*1: Very famous writers such as Pliny the Elder (‘Naturalis Historia’), Varro (‘De Re Rustica’), Cato (‘De Agri Cultura’), Colummella (‘De Re Rustica’), and Virgilio (‘Bucoliche’);
*2: They refer to the ‘Vitis Labrusca’ (or ‘Vitis Silvestris’): the wild vine that would evolve into the ‘Vitis Vinifera’ suitable for the production of Lambrusco;
*3: Please refer to the introduction of this paragraph;
*4: Malaparte writes: “Giuseppe Verdi’s music is full to the brim of Lambrusco. A vermilion, sparkling vein of this wine flows throughout Stendhal’s ‘Chartreuse de Parme’;

Lambrusco wine: the Lambrusco vines. (crt-01)


Lambrusco wine, the Americans and ‘Coca Cola’.

Lambrusco wine: the Italian ‘Coca Cola’? (img-03) During the 60s and 70s of the last century, the use of the ‘Martinotti’ (or ‘Charmat’) method for the production of Lambrusco began to take hold. If, on the one hand, this led to a significant increase in the number of bottles in commerce, on the other hand, it led many companies to pay more attention to the quantity rather than the quality of the wine. This kind of Lambrusco, although not very ‘elegant’, was very easy to drink and quite cheap, so much to gain the favor of the American consumers, who began to consider it a sort of ‘Italian Coca Cola’. Today, the trend is to preserve the ease of drinking, trying at the same time to enhance the characteristics that make this wine specialty unique.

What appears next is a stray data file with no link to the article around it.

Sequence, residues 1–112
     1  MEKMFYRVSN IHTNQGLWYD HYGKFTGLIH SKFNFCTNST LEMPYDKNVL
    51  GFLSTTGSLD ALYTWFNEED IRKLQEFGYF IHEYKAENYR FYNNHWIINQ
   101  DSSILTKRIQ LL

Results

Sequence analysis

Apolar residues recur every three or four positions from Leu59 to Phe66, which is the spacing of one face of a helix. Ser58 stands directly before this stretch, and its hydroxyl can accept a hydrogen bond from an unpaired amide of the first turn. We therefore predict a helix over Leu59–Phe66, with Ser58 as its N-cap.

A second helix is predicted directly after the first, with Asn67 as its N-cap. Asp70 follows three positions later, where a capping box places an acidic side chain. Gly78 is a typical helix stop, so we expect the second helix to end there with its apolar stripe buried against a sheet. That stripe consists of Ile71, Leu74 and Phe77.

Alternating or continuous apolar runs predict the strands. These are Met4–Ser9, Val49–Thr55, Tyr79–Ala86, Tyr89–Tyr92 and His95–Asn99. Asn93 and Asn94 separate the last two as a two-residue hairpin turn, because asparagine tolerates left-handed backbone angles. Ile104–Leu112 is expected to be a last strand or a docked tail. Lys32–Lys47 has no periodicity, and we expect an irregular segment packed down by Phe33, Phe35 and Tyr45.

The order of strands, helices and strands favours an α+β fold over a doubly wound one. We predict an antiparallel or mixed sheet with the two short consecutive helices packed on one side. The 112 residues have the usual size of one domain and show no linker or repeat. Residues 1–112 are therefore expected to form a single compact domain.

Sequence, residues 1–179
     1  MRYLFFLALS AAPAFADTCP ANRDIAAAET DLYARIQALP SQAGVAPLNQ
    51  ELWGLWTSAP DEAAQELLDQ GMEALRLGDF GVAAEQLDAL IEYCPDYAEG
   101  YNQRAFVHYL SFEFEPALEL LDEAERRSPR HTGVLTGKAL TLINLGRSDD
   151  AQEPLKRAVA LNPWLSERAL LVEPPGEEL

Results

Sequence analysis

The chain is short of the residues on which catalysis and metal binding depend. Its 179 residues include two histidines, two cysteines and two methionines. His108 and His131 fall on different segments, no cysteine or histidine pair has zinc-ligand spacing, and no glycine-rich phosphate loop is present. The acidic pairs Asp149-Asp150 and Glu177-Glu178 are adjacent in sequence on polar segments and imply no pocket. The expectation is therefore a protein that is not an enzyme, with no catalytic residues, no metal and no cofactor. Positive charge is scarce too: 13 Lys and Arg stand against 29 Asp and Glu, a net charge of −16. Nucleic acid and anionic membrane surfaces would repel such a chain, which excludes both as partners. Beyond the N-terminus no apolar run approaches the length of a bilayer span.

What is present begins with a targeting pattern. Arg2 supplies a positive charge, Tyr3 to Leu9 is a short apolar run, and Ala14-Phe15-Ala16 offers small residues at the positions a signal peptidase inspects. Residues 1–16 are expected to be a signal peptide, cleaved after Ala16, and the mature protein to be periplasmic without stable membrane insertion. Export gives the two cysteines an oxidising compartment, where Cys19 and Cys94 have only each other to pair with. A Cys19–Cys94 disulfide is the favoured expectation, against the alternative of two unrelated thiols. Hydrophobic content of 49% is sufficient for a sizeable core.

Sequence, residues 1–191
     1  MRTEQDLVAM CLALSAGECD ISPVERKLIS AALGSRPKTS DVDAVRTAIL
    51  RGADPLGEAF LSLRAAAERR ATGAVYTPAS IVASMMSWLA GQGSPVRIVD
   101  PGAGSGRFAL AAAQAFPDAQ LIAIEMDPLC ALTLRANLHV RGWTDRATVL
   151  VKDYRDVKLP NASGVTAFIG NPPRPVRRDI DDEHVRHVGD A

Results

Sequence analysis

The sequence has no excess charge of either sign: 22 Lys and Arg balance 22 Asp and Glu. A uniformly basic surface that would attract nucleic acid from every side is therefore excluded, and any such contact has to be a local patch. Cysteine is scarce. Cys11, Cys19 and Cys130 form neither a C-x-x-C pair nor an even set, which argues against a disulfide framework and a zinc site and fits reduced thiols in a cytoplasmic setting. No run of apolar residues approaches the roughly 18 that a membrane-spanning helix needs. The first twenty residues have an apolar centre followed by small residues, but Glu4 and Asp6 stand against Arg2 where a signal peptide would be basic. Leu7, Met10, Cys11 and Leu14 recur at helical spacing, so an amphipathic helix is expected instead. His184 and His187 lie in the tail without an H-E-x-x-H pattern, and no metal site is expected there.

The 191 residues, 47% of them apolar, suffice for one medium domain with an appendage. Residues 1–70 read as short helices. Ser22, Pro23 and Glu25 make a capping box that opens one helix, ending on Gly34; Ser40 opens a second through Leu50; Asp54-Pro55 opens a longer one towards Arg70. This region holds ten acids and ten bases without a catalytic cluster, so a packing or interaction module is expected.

Lambrusco wine: Giuseppe Verdi's Lambrusco wine (img-04) Lambrusco wine: Giuseppe Verdi's Lambrusco wine (img-04)


Giuseppe Verdi’s Lambrusco wine.

Perhaps not everyone knows that Giuseppe Verdi, the very famous Italian composer, author of immortal works such as ‘La Traviata’, ‘Il Trovatore’ and ‘Rigoletto’, loved not only music but also food and wine. This should not surprise too much, considering that the great musician was not the only son of an innkeeper, but was also born in the town of Busseto, in the province of Parma: that is to say one of the most interesting places in the world from a culinary point of view.